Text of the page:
First Sustainability Lunch HOUR draws variety of student sustainability researchers

Sustainable electricity production, local food vending and carbonated beverages were the sustainability research topics students presented to an audience of more than 25 students, faculty and staff at the first-ever Sustainability Lunch HOUR (Highlight of Undergraduate Research) last month.

The event, sponsored by the University of Wisconsin-Madison Office of Sustainability, is an undergraduate research brownbag where students conducting sustainability-related research can present their work and discuss it with fellow researchers and members of the campus community.

UW-Madison junior Tyler Slade, who does research for the UW-Madison chemistry department, presented his work on sustainable nanosilicides. Slade works with UW-Madison chemistry professor Song Jin and postdoctoral fellow Steven Girard.

Silicides are compounds containing silicon and a metal, and certain silicides have a wide range of applications in green technology, according to Slade.

Slade’s research focuses on making higher manganese silicides (HMS), which have potential use as a thermoelectric material that converts heat to electricity.

Attend the next Sustainability Lunch HOUR!
Friday, March 28, 2014
12-1 p.m., Room 140 Science Hall

HMS aren’t currently used as thermoelectrics because they are expensive and resource-intensive to make, Slade said, and existing processes yield only a small amount of product.

But Slade’s team has developed a more sustainable process to produce theses silicides using magnesium, which makes more product with less time and energy. For example, the molten salt they use as a solvent reduces the required reaction temperature by more than 1000 degrees Celsuis compared to the current method used to create magnesium silicides.

“It’s really cool,” Slade said. “The lower the temperature is, of course, the lower the energy and therefore, more sustainable.”

Following Slade’s presentation, a group of students from a Nelson Institute for Environmental Studies capstone course shared findings of a community-based research project where members explored how to draw more vendors to the South Madison Farmers Market.

The group, comprised of Jasmine Badredine, Alex Schwartz, Maikou Vang, Molly Gallagher, Wally Graeber and Bridget Callaghan, drafted a list of questions and invited vendors from four different farmers markets in Dane County to participate in two different focus group sessions. Group members then analyzed the answers to make recommendations for attracting more interest to South Madison.

“We thought it would be the best way to produce immediate change in the area,” Badredine said.

Economic incentive was a primary factor motivating vendors to participate in the market, according to the group, but relationships with customers and a sense of community were also important.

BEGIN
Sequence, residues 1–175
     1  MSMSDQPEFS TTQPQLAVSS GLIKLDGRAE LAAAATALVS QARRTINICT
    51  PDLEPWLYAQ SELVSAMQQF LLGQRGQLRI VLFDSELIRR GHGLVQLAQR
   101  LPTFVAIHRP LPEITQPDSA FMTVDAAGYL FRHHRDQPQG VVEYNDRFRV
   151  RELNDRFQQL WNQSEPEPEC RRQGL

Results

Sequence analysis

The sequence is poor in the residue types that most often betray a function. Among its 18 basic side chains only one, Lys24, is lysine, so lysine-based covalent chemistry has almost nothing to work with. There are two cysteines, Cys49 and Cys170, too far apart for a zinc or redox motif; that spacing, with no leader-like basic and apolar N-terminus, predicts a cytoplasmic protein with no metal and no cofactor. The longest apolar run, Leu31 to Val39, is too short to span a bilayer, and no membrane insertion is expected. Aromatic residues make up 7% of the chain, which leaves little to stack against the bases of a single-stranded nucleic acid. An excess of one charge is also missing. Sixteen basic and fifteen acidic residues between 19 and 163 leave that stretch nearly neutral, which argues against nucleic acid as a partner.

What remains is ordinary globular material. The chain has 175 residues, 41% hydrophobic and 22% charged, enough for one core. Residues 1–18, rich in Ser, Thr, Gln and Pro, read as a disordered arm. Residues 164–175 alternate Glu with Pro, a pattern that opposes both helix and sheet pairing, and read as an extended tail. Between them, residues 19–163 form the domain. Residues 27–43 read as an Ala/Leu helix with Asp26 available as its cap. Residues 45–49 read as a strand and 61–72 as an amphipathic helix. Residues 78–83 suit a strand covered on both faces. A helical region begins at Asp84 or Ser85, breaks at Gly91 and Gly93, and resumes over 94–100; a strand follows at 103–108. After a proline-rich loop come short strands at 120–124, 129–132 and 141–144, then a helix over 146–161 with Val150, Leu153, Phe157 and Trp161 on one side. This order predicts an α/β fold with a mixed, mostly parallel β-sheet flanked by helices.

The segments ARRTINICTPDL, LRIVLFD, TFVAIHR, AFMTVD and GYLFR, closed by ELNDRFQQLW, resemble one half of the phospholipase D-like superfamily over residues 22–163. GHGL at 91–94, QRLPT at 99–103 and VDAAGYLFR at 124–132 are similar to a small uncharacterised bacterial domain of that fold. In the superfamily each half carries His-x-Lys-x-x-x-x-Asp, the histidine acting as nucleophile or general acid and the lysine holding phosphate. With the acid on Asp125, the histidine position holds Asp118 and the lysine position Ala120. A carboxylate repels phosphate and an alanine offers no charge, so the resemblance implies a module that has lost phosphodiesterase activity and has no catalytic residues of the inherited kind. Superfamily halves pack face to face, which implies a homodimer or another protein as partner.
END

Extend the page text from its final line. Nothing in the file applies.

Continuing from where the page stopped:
Based on their research, the group recommended increasing marketing and social media to promote the South Madison Farmers Market, clarifying the time and place of the market, and improving the market’s amenities and atmosphere.

At the end of the hour, UW-Madison sophomore Aaron Conradt and junior Nick Anderson described a product prototype called the Biocube, a cube-shaped tablet that would naturally carbonate and flavor a glass or bottle of water.

The Biocube would reduce the amount of disposable plastic bottle waste and reduce transportation costs, according to Conradt.

“Americans throw away 2.5 billion plastic bottles every hour, and that’s just a substantial number,” Conradt said. “To cut that down to nothing would be huge.”

The project is still in its “idea phase,” according to Conradt and Anderson. The group submitted their work to the Agricultural Innovation Prize competition, a national contest challenging student teams to develop innovative ways to address agricultural challenges, but did not advance to the second round of judging.

Anderson said the biggest challenge is carbonation. They are currently planning further research, gaining some inspiration from effervescent tablets.

“We may not be able to match the exact carbonation of say a Pepsi or Coke, but if we can get something comparable in terms of the fizziness and taste, it would still be a major improvement,” Anderson said.

Conradt said they hope the product would be about one-third of the cost of a single bottle of soda, and its packaging would be biodegradable and include an indication of the environmental impact.

“It’s a modernization of the beverage industry for sure,” Conradt said.  “You’re going to get an awareness of your environmental impact as well as a healthier alternative… and then it’s also going to be a cheaper alternative.”

The next Sustainability Lunch HOUR will take place Friday, March 28 at 12 p.m. in Room 140 of Science Hall.

By Sarah Olson, Office of Sustainability